Assessment of Educational Needs for Retraining Physicians Working at Addiction Treatment and Rehabilitation Centers

Document Type: Letter to Editor

Authors

1 Addiction Research Center, Mashhad University of Medical Sciences, Mashhad, Iran

2 Mental Health & Addiction prevention Department, Vice Chancellor for Health, Mashhad University of Medical Sciences, Mashhad, Iran

Keywords


To the Editor:

“Training needs assessment” is the systemic study of a problem or innovation, integrating data and ideas from varied sources, in order to make effective decisions or recommendations about what should happen next (1). Continuing medical education (CME) refers to a specific form of continuing education that helps those in the medical field maintain capability and learn about new and developing areas of their field. These activities may take place as live events, written publications, online programs, audio, video, or other electronic media. Content for these programs is developed, reviewed, and delivered by faculty who are experts in their individual clinical areas (2).  Today, however, without a program of active learning, no doctor can hope to promote one's experience for more than a few years after graduation (3). 

The aim of this study was to assess interest and needs of physicians that work at methadone maintenance treatment centers (MMT clinics) for retraining or CME and the factors associated with this interest. We have limited or out of reach national studies about needs assessment for CME especially for physician who work at MMT centers.

There are 409 MMT clinics in Mashhad. All physicians that work at these centers were considered as our participants. A checklist contained some demographic questions and a list of recommended topics (13 items) for retraining and CME in addiction treatment field, were used. The aim of the questionnaire was obtaining information on years of practice in medicine, years of practice in drug abuse treatment field, satisfaction rate of previous CME program, effectiveness and applicability of courses and thirteen proposed courses title for ongoing CME in Likert-type scale (1, very little to 5, very much). Checklists were completed through telephone inquiries. Just 201 physicians were working on the project and gave full answers to questions.

Ethical issues have been completely observed by the researchers. The respondents were anonymous and participated willingly and voluntarily in this study. In addition, all of the responses were treated confidentially.

Statistical analysis was performed by SPSS 11.5 software, using analytical and descriptive statistical tests. Data were described with central indexes, distribution indexes and frequency.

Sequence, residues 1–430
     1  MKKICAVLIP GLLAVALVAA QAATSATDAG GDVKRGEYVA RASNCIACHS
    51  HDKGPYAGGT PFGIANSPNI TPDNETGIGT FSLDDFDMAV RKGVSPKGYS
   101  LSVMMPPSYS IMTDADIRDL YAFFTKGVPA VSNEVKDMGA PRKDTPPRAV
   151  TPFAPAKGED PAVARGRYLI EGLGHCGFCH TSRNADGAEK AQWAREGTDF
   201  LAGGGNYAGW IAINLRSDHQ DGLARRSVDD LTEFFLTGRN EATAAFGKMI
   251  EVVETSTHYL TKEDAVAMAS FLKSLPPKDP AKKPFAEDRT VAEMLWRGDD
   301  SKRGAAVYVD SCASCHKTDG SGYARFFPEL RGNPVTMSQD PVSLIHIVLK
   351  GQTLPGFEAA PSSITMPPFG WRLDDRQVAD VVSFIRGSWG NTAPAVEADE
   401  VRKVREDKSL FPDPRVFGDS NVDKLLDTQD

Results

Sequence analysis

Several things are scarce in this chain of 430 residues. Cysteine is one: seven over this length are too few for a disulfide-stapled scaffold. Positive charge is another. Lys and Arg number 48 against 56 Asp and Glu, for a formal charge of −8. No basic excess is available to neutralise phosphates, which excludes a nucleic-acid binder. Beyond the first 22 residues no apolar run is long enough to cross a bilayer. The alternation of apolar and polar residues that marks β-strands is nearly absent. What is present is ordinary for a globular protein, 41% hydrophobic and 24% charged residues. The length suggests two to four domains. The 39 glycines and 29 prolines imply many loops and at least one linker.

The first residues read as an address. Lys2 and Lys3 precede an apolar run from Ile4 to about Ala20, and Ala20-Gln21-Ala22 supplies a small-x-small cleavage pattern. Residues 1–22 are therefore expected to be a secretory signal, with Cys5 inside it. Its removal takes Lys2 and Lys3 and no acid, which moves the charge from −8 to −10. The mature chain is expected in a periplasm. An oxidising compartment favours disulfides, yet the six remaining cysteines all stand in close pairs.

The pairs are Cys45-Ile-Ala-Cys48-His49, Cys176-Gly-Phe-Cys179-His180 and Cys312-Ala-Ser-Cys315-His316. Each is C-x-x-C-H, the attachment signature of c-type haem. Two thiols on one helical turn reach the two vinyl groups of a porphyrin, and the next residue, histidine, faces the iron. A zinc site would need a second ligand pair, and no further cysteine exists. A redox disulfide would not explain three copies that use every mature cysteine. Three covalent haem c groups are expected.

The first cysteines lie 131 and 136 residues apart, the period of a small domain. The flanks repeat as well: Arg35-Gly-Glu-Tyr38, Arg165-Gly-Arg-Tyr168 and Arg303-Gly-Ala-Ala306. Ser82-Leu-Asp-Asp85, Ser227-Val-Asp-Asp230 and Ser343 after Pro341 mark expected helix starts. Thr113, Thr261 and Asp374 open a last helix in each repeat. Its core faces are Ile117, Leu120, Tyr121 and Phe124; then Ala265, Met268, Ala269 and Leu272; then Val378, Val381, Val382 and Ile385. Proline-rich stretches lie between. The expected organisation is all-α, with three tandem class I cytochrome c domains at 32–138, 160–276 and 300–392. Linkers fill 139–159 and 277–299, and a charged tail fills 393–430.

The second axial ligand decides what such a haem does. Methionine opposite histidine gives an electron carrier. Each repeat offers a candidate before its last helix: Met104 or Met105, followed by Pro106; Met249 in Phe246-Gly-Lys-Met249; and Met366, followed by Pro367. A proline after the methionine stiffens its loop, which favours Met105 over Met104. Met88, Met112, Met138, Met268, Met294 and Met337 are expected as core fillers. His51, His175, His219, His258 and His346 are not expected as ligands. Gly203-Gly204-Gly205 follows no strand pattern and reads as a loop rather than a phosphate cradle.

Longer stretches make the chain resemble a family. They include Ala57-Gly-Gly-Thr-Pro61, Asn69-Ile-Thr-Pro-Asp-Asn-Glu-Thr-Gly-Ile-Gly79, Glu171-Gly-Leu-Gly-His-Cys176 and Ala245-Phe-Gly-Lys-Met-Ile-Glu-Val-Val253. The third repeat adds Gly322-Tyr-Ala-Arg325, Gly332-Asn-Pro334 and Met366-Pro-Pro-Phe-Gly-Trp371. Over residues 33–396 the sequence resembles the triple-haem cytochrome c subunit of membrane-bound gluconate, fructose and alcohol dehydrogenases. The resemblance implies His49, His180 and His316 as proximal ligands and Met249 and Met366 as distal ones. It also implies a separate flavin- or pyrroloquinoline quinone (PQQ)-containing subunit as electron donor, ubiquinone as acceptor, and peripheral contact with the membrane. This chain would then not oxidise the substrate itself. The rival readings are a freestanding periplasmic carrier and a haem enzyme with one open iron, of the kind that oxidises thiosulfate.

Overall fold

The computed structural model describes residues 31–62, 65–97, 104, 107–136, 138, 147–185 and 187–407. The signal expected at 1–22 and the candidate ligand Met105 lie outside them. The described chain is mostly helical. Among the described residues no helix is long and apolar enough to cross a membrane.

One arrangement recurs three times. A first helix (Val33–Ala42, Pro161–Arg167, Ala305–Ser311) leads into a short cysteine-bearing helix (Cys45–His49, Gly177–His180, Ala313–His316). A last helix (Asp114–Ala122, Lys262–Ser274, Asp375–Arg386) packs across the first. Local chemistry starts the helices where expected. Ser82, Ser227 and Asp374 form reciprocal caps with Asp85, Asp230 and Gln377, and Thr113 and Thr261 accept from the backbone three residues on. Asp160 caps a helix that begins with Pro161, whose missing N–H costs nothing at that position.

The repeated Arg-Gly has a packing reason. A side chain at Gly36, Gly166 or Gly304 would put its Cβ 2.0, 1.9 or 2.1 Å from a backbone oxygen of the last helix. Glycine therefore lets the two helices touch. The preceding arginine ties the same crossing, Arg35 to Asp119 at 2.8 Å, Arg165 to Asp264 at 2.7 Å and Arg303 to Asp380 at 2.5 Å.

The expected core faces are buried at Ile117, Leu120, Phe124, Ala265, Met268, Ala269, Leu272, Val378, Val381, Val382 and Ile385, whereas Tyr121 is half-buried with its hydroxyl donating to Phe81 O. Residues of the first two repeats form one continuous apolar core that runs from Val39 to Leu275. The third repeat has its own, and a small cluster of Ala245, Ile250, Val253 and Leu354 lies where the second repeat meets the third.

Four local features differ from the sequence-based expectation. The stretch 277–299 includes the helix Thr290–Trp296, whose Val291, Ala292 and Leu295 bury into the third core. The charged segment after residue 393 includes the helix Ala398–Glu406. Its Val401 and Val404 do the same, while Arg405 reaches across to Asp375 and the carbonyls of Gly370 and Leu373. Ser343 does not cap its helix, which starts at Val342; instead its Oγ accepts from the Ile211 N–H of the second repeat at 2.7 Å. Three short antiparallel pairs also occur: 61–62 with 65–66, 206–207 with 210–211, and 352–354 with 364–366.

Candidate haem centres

The mean of the years of practice in medicine was 10.5±4.6 years (min1, max 31 yr). The mean of the years of practice working at MMT clinic was 3.9±2.4 years (min1, max 12 yr). Most physicians obtained their MMT certificate about 5 years ago (5.4±2.4).

The ranking of preferred proposed course titles in participants have been shown in Table 1.

 

65% of respondents had participated in previous addiction CME programs and their comments about satisfaction and effectiveness of them have been illustrated in Table 2. We just found significant relation between years of “practice in drug abuse treatment field” and “CME satisfaction”; whereas there did not exist any other significant relation.

Participants suggested that CME program must change to non-repetitive, practical, comprehensive and effective courses.

In conclusion, the results suggest that physicians were very interested in expanding their abilities and knowledge, and they were not properly satisfied from previous courses, and preferred new topics for ongoing CME, practical and effective courses and retraining for MMT courses.  Results of study referred to related educational units for ongoing CME planning.

 

Acknowledgements:

The authors thank Dr. N. Khosravi and Mrs L. Rezaeian for their assistance.

Declaration of interest:

None to be declared.

Table 1: Rating of proposed courses title in need assessment list

 

Ranking

Proposed course titles

Likert score

Freidman average rating

1

Psychiatric problems in drug abuser

800

9.88

2

Sexual problems in drug abuser

771

9.34

3

Management and treatment of stimulant substances use

768

9.08

4

Sleeping problems in drug abuser

709

8.11

5

Principles of Counseling

641

7.2

6

Drug interaction and side effects

639

4.12

7

Craving management

637

6.98

8

Management and treatment of Tobacco usage

623

6.8

9

Harm reduction management

582

5.92

10

Gastrointestinal problems in drug abuser

558

5.39

11

Diet problems in drug abuser

554

5.32

12

Management and treatment of hallucinogen substances use

551

5.17

13

Management and treatment of alcoholic substances use

516

4.68

TABLE 2: Physicians' attitude about previous courses based on Likert scale

Question

Strongly Agree

Agree

Neither

Disagree

Strongly Disagree

Previous meetings attended satisfaction

5%

24%

37%

28%

6%

Effectiveness and applicability of MMT course

16%

38%

41%

4%

2%

  1. Rossett A. Training Needs Assessment. th, editor. New Jersy: Educational Technology Publication; 2002: 294.
  2. Standards for Commercial Support: Standards to Ensure Independence in CME Activities
  3. Norman GR, Shannon SI, Marrin ML. The need for needs assessment in continuing medical education. BMJ. 2004; 328 (7446):999-1001